Words of Forgiveness from the Cross

A reading from the Gospel of Luke chapter 23

32 Two other men, both criminals, were also led out with him to be executed. 33 When they came to the place called the Skull, they crucified him there, along with the criminals—one on his right, the other on his left. 34 Jesus said, “Father, forgive them, for they do not know what they are doing.” And they divided up his clothes by casting lots.

35 The people stood watching, and the rulers even sneered at him. They said, “He saved others; let him save himself if he is God’s Messiah, the Chosen One.”

36 The soldiers also came up and mocked him. They offered him wine vinegar 37 and said, “If you are the king of the Jews, save yourself.”

38 There was a written notice above him, which read: this is the king of the Jews.

39 One of the criminals who hung there hurled insults at him: “Aren’t you the Messiah? Save yourself and us!”

40 But the other criminal rebuked him. “Don’t you fear God,” he said, “since you are under the same sentence? 41 We are punished justly, for we are getting what our deeds deserve. But this man has done nothing wrong.”

42 Then he said, “Jesus, remember me when you come into your kingdom.”

43 Jesus answered him, “Truly I tell you, today you will be with me in paradise.

Reflection on Jesus’ Words from the Cross

We see in our reading today Luke’s focus on the theme of forgiveness. In the midst of all the pain and desolation of the crucifixion, Jesus shows us His divine nature and calling in many ways but especially in his words: “Father, forgive them for they do not know what they are doing”. The need to be forgiven for sin is a universal one. Only Jesus was free from sin throughout his life (though genuinely tempted as we are). Only He could stand in our place as our substitute to pay for the sins of all people through all time. He was the least deserving of punishment (indeed entirely undeserving) yet the anger and vitriol unleashed on him was out of all proportion for even a common criminal.

Jesus saw that the actions of his own people as well as the Roman occupying forces were indeed a kind of madness. As Jesus said, “they don’t know what they’re doing.” This kind of madness can overtake us all in large and small ways.  In many ways, sin doesn’t actually make sense.  We often don’t recognize the harm we are doing to ourselves and others. Yet living in a fallen world and being sinners by nature we can fall into sin so easily in large and small ways. To know that Jesus understands this and has mercy on us is a great relief.

This is not to condone sin but to recognize that we all need continual cleansing by His precious blood shed on the cross for us. By trusting in what Jesus has done on our behalf on the cross, we can be free from the crushing burden of guilt (including unacknowledged or supressed guilt as it was for me when I first put my faith in Jesus). Then we can move forward on Jesus’ path of new and eternal life beginning from the moment we open our hearts to him.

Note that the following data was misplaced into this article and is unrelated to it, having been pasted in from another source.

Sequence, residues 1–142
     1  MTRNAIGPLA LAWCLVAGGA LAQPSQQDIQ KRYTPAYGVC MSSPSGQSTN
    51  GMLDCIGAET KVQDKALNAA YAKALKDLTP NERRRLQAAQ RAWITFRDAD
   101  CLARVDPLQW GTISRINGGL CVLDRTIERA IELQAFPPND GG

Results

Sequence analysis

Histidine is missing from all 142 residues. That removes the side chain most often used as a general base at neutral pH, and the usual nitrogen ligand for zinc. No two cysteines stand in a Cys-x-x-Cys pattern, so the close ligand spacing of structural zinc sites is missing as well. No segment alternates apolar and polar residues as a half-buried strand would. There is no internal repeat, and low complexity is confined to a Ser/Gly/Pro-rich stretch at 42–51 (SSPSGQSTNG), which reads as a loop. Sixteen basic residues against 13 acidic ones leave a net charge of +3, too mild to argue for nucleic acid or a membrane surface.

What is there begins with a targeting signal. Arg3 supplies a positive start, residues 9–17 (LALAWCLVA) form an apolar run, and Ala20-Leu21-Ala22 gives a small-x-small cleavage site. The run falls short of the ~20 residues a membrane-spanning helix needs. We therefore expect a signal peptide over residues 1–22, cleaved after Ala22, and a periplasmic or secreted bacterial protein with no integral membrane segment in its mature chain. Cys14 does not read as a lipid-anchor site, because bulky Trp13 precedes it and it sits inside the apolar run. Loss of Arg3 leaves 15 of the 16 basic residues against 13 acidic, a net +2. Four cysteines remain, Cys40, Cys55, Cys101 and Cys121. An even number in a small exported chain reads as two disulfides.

This is what we see with one of the thieves on the cross. Although Jesus asks God His Father to forgive everyone, only one of the two thieves benefits from this. One of them joins the crowd in hurling insults at Jesus. This shows us how sin and the madness of it can multiply in such situations. We can see this kind of crowd insanity today especially through the internet. Though life is very different in some ways today than in the first century, we see the underlying similarity in the way that sin can take over and multiply. Yet because of God’s common grace as well as the leavening influence and prayers of believers, God mitigates the effects of sin.

In spite of the pull of the crowd, individuals like the other thief can choose, by God’s grace, to turn from sin and turn with faith to Jesus. This thief rebuked the first thief and said: “Don’t you fear God since you are under the same sentence? We are punished justly for we are getting what our deeds deserve but this man has done no wrong.”  He acknowledged his sins and recognized the just punishment for them. He also recognized the injustice of punishing an entirely innocent man who was the very One who could and did open the way to God’s kingdom. He said: “Remember me when you come into your kingdom”.  And then he and we hear Jesus’ reassuring words: “Truly, I tell you, today you will be with me in paradise”.

We in turn must turn away from a crowd mentality of skepticism, cynicism and hostility or of just indifference toward the reality of who Jesus is—the Messiah of Israel and the one and only Saviour for all people. Like the repentant thief we can recognize our need for God’s forgiveness through Jesus.

Today, we can know our sins are forgiven for His sake and that Jesus has opened to door to paradise for us. We can begin and continue on a journey to our true Homeland ruled over by the only perfectly righteous and just Ruler, Jesus Christ, God’s Son and our Lord.  Today is the day of God’s forgiveness. Today is the day of salvation.

Prayer to receive forgiveness and assurance of eternal life follows on video.